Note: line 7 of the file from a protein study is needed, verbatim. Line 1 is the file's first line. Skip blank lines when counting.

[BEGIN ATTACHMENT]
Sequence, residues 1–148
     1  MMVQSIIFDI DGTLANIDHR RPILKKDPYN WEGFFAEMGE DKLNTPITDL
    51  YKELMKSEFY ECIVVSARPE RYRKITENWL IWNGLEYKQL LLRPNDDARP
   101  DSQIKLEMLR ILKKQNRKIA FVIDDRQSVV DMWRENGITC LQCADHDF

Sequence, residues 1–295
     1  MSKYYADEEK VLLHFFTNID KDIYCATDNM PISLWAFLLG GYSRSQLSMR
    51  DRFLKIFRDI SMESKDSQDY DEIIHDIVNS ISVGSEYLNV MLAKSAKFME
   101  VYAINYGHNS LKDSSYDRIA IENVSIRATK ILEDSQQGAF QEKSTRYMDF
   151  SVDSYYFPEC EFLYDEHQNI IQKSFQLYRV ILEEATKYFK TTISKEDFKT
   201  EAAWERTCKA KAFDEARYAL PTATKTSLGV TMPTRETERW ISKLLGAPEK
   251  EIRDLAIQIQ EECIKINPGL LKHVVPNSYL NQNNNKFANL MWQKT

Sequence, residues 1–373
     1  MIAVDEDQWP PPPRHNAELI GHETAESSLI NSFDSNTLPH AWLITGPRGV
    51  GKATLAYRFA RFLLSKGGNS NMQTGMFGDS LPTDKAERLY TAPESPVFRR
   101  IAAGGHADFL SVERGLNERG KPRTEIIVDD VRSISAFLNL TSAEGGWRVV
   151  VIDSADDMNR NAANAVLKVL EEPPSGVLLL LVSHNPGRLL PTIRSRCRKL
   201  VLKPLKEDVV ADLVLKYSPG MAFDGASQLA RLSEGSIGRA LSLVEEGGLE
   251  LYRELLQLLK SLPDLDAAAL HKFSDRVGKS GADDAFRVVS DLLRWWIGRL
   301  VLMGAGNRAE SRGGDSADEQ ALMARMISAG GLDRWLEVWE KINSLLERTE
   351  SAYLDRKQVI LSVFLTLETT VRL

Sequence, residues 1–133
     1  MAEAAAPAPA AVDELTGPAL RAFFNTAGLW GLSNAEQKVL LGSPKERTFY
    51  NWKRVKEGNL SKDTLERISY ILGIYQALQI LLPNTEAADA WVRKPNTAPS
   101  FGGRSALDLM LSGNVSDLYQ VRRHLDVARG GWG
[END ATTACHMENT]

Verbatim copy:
    51  DRFLKIFRDI SMESKDSQDY DEIIHDIVNS ISVGSEYLNV MLAKSAKFME